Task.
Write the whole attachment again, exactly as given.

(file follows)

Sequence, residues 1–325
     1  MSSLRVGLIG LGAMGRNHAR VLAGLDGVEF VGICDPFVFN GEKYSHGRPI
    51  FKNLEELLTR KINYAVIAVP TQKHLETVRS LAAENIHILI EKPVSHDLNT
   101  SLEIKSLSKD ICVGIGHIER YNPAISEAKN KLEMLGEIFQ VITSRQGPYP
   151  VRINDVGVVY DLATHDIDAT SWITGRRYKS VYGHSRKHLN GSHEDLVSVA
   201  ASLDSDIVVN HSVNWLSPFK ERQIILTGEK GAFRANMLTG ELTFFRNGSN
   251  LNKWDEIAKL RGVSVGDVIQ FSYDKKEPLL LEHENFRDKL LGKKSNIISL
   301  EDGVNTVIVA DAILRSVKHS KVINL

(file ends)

Sequence, residues 1–325
     1  MSSLRVGLIG LGAMGRNHAR VLAGLDGVEF VGICDPFVFN GEKYSHGRPI
    51  FKNLEELLTR KINYAVIAVP TQKHLETVRS LAAENIHILI EKPVSHDLNT
   101  SLEIKSLSKD ICVGIGHIER YNPAISEAKN KLEMLGEIFQ VITSRQGPYP
   151  VRINDVGVVY DLATHDIDAT SWITGRRYKS VYGHSRKHLN GSHEDLVSVA
   201  ASLDSDIVVN HSVNWLSPFK ERQIILTGEK GAFRANMLTG ELTFFRNGSN
   251  LNKWDEIAKL RGVSVGDVIQ FSYDKKEPLL LEHENFRDKL LGKKSNIISL
   301  EDGVNTVIVA DAILRSVKHS KVINL